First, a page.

The Subaru Legacy has become the forgotten family sedan. Currently, the Legacy is outsold by every other mainstream mid-sizer on the market. To gain some insight as to why, Subaru went straight to customers and found the key issues with the car were its exterior styling, interior quality and lackluster infotainment system.
Beginning with the exterior, the new Legacy is finally wrapped in contemporary sheet metal. It isn’t exactly gorgeous or cutting edge, but it is as modern as most other mid-size sedans on the market. Riding on the same size wheelbase, the Legacy has grown slightly and now features a choice of 17- or 18-inches wheels. Like the Impreza and XV Crosstrek, the Legacy’s side-view mirrors are installed on doors to improve visibility. All models feature LED rear tail lamps while the top-of-the-line 3.6R Limited version receives HID low-beam headlights.
With a bigger exterior comes a larger interior. In fact, Subaru claims it’s the largest interior based on total passenger volume in the mid-size sedan segment. The trunk has been enlarged to 15 cubic feet and rear seat legroom has grown to 38.1 inches. Up front we found the seats to be very comfortable and easy to adjust. Although not the best in class, the dashboard looks modern and at least competitive. It is finished in soft touch materials and features Subaru’s new infotainment unit loaded with Starlink smartphone integration software and a rear view camera.Standard in the Legacy is a 6.2-inch touchscreen with an optional larger seven-inch display. As much as we appreciate the new infotainment system, we found it slow to respond much like MyFord Touch. Like all Subarus lately, an optional Harman/Kardon stereo system is available, packing 576-watts through 12 speakers.
Power for the Legacy continues to come from a 2.5-liter four-cylinder engine and 3.6-liter six-cylinder. Although the flat-six is essentially a carryover unit making 256 HP and 247 lb-ft of torque, the four banger has received substantial updates. Now making 175 HP and 174 lb-ft of torque, the 2.5-liter is lighter, more efficient and quieter. Best of all, it sounds far more pleasant. The tractor-like noises that plagued virtually all non-turbocharged Subaru four-cylinder engines is absent in the Legacy. For 2015, all Legacy models now come standard with a Lineartronic CVT automatic transmission, including the six-cylinder. Subaru has been refining its CVT and the work is paying off. Simulated “gear changes” have been programmed so when a driver moderately accelerates, six steps occur to mimic gears. If anything we felt the throttle tip-in was way to sensitive in day to day driving, but at least it felt responsive.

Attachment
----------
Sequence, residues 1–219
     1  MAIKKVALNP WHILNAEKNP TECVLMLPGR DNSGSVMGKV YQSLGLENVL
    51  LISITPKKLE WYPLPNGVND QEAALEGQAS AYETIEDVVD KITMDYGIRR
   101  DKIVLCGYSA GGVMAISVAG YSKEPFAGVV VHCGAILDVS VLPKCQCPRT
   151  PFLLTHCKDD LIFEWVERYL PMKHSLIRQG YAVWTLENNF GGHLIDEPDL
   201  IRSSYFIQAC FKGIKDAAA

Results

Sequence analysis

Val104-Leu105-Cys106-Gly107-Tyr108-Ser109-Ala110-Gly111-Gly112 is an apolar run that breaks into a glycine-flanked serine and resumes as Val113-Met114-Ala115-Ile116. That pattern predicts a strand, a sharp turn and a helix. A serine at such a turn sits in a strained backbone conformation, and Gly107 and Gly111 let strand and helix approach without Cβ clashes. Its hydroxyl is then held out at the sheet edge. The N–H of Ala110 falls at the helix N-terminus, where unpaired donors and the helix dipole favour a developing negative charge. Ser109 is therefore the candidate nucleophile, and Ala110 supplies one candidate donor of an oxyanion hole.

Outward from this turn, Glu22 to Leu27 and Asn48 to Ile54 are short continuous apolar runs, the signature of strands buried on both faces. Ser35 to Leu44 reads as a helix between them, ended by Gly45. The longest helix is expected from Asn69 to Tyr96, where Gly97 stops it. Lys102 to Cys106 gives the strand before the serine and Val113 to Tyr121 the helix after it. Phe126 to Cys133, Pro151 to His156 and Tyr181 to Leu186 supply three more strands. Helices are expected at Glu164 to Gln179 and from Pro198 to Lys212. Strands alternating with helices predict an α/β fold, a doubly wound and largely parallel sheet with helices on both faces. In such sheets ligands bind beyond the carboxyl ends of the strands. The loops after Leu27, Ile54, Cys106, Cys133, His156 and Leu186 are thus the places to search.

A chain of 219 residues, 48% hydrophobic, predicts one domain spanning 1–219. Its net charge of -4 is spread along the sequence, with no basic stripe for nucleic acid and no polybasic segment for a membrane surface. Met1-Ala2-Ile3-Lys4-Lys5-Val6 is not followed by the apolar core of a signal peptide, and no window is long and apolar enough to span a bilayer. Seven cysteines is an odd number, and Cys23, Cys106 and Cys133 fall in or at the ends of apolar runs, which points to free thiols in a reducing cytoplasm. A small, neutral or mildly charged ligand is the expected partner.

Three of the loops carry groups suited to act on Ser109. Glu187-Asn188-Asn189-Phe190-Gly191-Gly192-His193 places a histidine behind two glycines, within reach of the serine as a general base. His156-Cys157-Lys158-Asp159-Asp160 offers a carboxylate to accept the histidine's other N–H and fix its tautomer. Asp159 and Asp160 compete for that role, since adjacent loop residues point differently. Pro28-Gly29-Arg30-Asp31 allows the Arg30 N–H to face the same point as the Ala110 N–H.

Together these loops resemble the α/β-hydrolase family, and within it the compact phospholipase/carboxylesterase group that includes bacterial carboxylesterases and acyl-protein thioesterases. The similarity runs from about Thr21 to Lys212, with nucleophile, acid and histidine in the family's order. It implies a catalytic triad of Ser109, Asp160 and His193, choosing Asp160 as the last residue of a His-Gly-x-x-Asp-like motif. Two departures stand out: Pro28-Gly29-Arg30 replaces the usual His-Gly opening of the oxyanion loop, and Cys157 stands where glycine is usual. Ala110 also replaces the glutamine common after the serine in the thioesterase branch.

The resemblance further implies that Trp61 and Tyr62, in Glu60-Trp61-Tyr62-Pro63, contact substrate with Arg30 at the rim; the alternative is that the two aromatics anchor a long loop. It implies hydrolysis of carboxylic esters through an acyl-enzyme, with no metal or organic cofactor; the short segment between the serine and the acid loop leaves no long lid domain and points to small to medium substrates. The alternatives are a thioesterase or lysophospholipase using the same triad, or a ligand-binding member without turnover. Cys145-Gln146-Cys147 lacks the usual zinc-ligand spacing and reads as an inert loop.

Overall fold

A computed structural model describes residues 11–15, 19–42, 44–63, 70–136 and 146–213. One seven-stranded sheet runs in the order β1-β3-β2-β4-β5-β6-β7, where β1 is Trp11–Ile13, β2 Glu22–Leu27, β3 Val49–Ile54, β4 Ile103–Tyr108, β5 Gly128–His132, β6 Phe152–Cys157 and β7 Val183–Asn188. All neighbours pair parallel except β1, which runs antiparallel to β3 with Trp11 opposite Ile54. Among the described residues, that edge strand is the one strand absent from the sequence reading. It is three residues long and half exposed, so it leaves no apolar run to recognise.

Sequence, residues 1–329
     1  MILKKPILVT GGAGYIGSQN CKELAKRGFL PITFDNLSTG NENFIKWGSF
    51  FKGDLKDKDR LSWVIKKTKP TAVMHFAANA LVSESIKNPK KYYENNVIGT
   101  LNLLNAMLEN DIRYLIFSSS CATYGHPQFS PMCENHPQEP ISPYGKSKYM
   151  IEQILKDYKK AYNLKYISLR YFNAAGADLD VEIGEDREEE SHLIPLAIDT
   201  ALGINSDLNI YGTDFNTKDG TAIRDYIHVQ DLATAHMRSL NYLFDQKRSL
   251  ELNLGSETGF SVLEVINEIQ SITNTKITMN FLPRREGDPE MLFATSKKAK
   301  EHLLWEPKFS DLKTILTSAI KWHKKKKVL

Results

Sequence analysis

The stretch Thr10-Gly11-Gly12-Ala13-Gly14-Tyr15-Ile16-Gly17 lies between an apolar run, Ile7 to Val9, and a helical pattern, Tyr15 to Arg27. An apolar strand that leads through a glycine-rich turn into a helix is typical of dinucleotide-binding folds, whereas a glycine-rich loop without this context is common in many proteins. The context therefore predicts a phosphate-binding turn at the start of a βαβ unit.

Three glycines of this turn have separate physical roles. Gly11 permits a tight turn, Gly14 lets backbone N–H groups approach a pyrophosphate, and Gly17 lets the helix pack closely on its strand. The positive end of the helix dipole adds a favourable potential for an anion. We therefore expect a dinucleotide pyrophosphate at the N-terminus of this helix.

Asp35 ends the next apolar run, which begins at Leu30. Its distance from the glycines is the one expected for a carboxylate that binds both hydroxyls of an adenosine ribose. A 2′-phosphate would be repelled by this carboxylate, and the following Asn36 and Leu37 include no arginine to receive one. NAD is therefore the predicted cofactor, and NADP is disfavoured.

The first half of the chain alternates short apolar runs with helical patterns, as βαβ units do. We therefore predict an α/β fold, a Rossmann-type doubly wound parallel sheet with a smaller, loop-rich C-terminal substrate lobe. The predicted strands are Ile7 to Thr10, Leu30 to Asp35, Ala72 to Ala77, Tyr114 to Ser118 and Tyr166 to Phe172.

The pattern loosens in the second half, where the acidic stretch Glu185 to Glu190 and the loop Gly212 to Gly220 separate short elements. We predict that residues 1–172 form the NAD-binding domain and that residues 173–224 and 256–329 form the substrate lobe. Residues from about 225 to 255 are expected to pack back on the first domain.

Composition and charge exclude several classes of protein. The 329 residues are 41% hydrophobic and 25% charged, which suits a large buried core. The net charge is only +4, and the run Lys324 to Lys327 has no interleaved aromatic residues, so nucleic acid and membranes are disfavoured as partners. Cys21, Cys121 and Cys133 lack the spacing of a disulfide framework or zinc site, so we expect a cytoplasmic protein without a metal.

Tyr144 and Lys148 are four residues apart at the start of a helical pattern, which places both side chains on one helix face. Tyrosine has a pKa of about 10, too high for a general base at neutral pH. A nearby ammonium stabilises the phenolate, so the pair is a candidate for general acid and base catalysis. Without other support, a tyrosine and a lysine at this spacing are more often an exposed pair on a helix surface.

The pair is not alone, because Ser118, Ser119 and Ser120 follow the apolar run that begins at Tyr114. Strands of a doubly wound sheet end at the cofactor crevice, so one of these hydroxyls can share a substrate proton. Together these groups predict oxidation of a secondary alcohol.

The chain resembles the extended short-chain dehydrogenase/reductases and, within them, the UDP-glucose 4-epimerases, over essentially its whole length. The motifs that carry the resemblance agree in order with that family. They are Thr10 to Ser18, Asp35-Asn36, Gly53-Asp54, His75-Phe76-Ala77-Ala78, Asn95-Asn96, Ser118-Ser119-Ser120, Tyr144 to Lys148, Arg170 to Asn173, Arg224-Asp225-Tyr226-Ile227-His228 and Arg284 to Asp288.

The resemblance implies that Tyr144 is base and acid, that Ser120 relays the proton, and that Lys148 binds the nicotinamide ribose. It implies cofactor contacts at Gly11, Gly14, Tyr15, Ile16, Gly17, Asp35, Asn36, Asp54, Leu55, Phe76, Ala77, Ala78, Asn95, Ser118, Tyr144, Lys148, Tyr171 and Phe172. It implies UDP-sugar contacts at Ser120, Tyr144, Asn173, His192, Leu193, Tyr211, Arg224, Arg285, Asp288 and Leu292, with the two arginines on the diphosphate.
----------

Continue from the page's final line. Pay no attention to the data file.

The new Legacy is riddled with advance safety technology. Rear vehicle detection is available along with blind spot monitoring, rear cross traffic alert and lane change assist. The latter uses a set of radars installed behind the rear bumper to calculate the closing speeds of vehicles in neighboring lanes. This can warn the driver if a car is approaching their blind spot before actually entering it. Of course the latest version of Subaru’s EyeSight technology is available and is still one of our favorite adaptive cruise control systems. As we discovered in a torrential downpour though, it will not operate during monsoon-like conditions. It turns out if our eyes can’t see the road ahead, neither can EyeSight’s cameras.
Another stigma Subaru wants to eliminate with the new Legacy is that just because it has standard all-wheel drive doesn’t mean it’s less fuel efficient. For 2015, four-cylinder models are rated at 26 MPG city and 36 MPG highway. Those numbers match the most efficient front-wheel drive Ford Fusion and actually beat the Toyota Camry. With the addition of the CVT, the six-cylinder’s fuel economy numbers are no longer pathetic and register at 20 MPG city and 29 MPG highway. Subaru has performed quite the magic trick with the Legacy.
Here is a car that offers AWD without any of the usual sacrifices made to fuel economy, price or trunk space. The fact the Legacy has all-wheel drive is almost an afterthought now as it’s so competitive in the mid-size sedan market as a whole. Subaru doesn’t need to rely on the AWD crutch to sell the car anymore. This sixth generation model should reverse the Legacy’s declining sales trend and may be enough to return it to its high-selling glory days. Even with standard all-wheel drive, the Legacy begins at $22,790 after destination charges while the top-of-the-line Legacy 3.6R Limited begins at a mere $30,390. So if a family sedan with AWD, reliability and safety are what you need, definitely have a look at the Subaru Legacy.